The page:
December 2, 1547: On this day, Hernán Cortés died. Spanish conquistador Hernán Cortés de Monroy y Pizarro Altamirano, 1st Marquess of the Valley of Oaxaca, was in charge of an expedition that, in the early 16th century, brought much of what is now mainland Mexico under the control of the King of Castile and led to the collapse of the Aztec Empire. Cortés belonged to the group of Spanish conquistadors and explorers that launched the first phase of the Spanish colonization of the Americas. Cortés decided to go for adventure and money in the New World after growing up in a lower-class family in Medellin, Spain. He left for Hispaniola and then went to Cuba, where he received an encomienda (the right to the labor of certain subjects). In the second Spanish town to be built on the island, he temporarily served as alcalde (magistrate). He was chosen to serve as the expedition’s third captain in 1519, and he also assisted in raising some of the money for it. Cortés defied the command to bring back the expedition because he disliked Diego Velázquez de Cuéllar, the governor of Cuba. Legend has it that while celebrating the conquest of the Aztec Empire in 1521, Hernán Cortés and his men quickly consumed all of the wine they had brought with them from Spain. As a result, Cortés’ first official act as governor was to direct the planting of grapevines all over New Spain.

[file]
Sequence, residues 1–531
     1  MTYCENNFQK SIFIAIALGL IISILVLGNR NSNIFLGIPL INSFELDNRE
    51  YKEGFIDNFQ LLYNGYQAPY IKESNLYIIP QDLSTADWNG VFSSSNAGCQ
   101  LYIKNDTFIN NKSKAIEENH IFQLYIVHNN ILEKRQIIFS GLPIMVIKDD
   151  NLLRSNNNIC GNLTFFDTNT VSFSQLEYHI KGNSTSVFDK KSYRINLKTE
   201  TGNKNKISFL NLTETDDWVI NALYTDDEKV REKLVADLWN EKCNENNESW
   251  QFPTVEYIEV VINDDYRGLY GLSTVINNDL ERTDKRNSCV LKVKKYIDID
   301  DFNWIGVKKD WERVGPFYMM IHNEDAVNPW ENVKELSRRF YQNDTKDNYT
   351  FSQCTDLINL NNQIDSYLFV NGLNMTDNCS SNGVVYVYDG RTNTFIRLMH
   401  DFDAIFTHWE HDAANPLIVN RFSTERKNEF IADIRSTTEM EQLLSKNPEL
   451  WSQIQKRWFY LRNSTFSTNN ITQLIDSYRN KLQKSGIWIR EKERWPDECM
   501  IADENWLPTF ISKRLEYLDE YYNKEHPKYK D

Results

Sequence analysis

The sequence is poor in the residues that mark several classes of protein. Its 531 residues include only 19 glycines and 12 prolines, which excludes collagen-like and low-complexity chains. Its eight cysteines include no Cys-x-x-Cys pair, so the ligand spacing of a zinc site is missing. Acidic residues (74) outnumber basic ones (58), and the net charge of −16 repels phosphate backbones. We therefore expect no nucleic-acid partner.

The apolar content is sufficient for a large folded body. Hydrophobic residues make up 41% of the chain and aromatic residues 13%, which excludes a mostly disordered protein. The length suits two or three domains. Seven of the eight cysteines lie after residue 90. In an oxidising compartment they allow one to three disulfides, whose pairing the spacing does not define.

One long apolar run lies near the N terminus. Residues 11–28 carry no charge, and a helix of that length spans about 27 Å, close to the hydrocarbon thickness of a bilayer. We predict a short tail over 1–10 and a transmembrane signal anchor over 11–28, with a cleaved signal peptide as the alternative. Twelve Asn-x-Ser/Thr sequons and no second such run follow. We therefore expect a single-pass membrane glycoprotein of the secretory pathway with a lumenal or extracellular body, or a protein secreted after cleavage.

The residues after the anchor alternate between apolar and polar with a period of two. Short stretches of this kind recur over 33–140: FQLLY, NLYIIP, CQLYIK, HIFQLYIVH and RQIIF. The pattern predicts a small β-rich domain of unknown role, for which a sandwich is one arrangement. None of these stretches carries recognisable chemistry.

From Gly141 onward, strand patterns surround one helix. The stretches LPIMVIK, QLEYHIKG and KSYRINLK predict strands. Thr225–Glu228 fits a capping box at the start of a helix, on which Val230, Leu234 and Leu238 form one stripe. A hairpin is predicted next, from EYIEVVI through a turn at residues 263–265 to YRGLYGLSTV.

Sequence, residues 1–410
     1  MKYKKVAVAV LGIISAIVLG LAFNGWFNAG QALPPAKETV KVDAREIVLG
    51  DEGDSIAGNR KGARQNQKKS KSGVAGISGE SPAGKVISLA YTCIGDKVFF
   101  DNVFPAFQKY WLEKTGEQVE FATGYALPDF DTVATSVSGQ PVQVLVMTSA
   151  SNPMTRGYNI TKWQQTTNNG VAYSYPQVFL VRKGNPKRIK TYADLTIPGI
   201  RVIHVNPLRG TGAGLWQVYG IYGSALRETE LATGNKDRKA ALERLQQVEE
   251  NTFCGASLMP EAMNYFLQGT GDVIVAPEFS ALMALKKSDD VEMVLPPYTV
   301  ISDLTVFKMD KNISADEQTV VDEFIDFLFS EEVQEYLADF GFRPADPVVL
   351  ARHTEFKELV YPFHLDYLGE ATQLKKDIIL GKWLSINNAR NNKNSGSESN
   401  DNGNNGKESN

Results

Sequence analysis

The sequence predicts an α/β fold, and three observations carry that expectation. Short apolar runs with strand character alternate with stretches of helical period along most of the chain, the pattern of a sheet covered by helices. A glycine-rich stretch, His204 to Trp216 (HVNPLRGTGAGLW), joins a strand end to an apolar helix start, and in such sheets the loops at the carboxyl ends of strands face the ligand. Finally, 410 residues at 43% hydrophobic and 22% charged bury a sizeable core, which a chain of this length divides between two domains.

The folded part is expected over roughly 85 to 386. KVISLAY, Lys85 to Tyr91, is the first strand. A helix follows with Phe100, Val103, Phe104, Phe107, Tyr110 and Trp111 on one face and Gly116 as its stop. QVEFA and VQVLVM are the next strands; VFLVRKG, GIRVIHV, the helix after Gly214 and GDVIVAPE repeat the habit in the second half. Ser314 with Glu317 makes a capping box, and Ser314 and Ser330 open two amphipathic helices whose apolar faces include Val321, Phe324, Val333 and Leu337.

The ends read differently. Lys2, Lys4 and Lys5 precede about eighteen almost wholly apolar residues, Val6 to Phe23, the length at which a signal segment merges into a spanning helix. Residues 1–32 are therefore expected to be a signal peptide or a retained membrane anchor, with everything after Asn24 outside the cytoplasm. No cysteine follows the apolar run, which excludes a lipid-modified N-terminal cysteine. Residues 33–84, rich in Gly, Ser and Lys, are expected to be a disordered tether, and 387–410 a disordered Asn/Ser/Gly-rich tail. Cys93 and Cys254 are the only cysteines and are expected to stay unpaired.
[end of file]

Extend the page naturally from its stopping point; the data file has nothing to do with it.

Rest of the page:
December 2, 1997: In this year, Adelaide Hills Wine Show started. The National Wine Centre of Australia in Adelaide, South Australia, puts on the Adelaide Hills Wine Show every year. The competition is available to any winemakers who source at least 85 percent of their grapes from vineyards in the Adelaide Hills.
December 2, 1999: On this day, the Geographical Indications of Goods (Registration and Protection) Act was written to monitor and regulate the geographical indication tags placed on all products sold in India. These tags were a crucial factor in guiding the nation toward developing the wine industry and recognizing the various areas in India.
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